FEEDBACK: A MIXED BAG
We've received interesting feedback about several stories in last month's (Nov 2002) e-book.
English head-lopper Paul Kelleher failed to see any humour in our suggestion that people who knocked heads off statues should be beheaded.
Our story Off With Their Heads reported that on July 4, theatre producer Paul Kelleher, 37, from Isleworth, West London, pleaded not guilty to a charge of having caused criminal damage. City of London Magistrates' Court was told how Kelleher entered the gallery carrying a cricket bat, and knocked the head off a statue of Lady Thatcher. Kelleher admitted having attacked the statue but said he would not plead guilty to criminal damage as he was "not a criminal," adding "I haven't really hurt anybody, it's just a statue, an idol we seem to be worshipping to a greater extent."
We had commented: "Well, what can we do about these misguided mischief-makers? Perhaps the phrase an eye for an eye should be amended to a head for a head, and they, like their victims, should be beheaded".
Paul responded with this message in our Guest Book: A little severe for harming rocks rather than the living don't you think Eric, proof that the world has lost its sense of humour i'd say. Oh dear!
I replied: Hi Paul. Of course I was writing tongue in cheek when I suggested that statue-loppers should be beheaded. But it requires a strange sense of humor to see anything funny about wilful destruction of a work of art.
Next day, Paul sent us this email: "Strange sense of humour" - "strange world" - "strange Environment", I wonder where I take my influences from? "Wilful destruction of a work of art" - mankinds overview of humanity! No damage done - Easy Eric.
We searched the web again, and found that a London columnist, John O'Farrell, had defended Paul in The Guardian when he wrote "Paul Kelleher should not have removed the head of Thatcher's statue. He should have decapitated the original."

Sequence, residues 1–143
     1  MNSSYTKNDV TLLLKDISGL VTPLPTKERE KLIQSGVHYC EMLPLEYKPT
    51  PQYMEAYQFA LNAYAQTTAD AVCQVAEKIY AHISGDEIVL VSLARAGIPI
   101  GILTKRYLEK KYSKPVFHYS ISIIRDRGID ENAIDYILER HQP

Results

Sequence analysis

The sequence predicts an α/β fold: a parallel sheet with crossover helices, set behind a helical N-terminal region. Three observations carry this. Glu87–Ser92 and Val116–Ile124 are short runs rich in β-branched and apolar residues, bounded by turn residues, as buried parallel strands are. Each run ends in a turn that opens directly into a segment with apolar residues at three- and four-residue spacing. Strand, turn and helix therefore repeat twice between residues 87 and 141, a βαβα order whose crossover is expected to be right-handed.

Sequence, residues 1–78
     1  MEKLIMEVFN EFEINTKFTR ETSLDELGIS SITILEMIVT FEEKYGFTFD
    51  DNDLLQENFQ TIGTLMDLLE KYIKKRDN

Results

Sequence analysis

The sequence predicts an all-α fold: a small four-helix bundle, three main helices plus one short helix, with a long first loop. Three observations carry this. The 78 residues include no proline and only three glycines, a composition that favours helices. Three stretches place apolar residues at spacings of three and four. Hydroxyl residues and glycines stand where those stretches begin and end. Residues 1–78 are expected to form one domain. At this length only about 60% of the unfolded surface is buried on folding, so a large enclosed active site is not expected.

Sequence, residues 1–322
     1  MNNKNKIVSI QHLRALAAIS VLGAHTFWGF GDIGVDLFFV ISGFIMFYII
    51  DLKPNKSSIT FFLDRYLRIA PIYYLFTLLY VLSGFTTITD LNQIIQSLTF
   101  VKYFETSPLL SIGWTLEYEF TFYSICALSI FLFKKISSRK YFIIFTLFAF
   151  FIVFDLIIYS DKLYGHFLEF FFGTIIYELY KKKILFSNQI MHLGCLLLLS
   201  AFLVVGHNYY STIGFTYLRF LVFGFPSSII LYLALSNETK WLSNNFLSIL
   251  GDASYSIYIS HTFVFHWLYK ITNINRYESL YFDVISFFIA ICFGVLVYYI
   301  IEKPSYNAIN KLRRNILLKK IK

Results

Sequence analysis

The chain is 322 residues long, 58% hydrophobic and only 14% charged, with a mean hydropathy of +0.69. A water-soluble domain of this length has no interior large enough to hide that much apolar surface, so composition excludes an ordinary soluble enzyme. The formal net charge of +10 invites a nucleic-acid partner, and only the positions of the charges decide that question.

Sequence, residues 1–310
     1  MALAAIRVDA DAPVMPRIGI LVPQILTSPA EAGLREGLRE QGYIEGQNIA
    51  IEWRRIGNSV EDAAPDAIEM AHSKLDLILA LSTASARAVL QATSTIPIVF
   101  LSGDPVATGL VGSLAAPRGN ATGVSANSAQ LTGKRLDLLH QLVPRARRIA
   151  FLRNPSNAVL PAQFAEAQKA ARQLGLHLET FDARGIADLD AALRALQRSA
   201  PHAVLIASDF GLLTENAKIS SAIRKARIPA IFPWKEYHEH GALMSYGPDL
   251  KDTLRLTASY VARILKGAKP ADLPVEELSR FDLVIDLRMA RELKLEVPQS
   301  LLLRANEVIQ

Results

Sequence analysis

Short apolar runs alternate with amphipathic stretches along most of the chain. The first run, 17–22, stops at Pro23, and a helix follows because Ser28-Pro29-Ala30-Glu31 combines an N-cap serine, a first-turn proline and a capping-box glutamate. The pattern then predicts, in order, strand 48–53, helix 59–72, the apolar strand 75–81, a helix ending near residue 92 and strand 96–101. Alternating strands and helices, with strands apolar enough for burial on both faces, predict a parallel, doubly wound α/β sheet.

In another story last month, Anyone For Cricket? we asked "Why don't we eat more insects?" Douglas Thompson of Tamarind Tours, Bangkok (Thailand) told us: People here eat all kinds of insects. Insect snack kiosks are very popular in shopping malls. I have to wonder how they capture all those critters.
Then, in the story abut two places named Komarno (in Canada and Slovakia), we showed a link to a photo of the world's largest mosquito, in Komarno, Manitoba. The photo is posted on the Canadian website Big Things, in Saskatoon, Saskatchewan.
Webmaster David Yanciw commented: Neat story. I find it quite interesting. What would have been really funny is if Komarno was located in Saskatchewan, the neighbouring province to Manitoba (where it is located). Saskatchewan's postal abbreviation is SK. Pretty ironic.
It would have been confusing, too, since the international web abbreviation for Slovakia is also sk. As a special bonus, we invite you to read David's Editorial on the Greatness of Big Things
The story about the Army newspaper Guinea Gold stirred the memories of World War II veterans in Australia and the US. Australian Ron Leard, 7 Elizabeth Street, Tamworth, New South Wales, kindly sent me a photocopy of one of the earliest issues, Vol. 1, No.16, printed "In the Field, Friday, December 4, 1942. NOT FOR SALE."
Ron's address rang a bell. When I joined Guinea Gold's editorial staff in Lae, New Guinea, the editor/commanding officer was my good mate (buddy) from the Sydney Daily Telegraph, Captain Don Greenlees. Before the war, Don and his wife, well-known journalist Mollye Dye, occupied a flat (apartment) at 7 Elizabeth Street, Sydney. Very strange!
[Don Greenlees died in 1979, aged 67. His son, also named Don Greenlees, is south-east Asia correspondent of the daily newspaper The Australian.]
Pat Tillery (wonder if he's a brother of Art Tillery?) of Pensacola, Florida, webmaster of KilroyWasHere, a great website for US service veterans, mentioned the article in his newsletter: "Eric Shackle, in his Life Begins at 80 web site, has done it again. Don't miss his Guinea Gold story." Pat tells us he received this message from one of his online visitors: "Enjoyed Guinea Gold section... Dedicated guys -- Hap Halloran."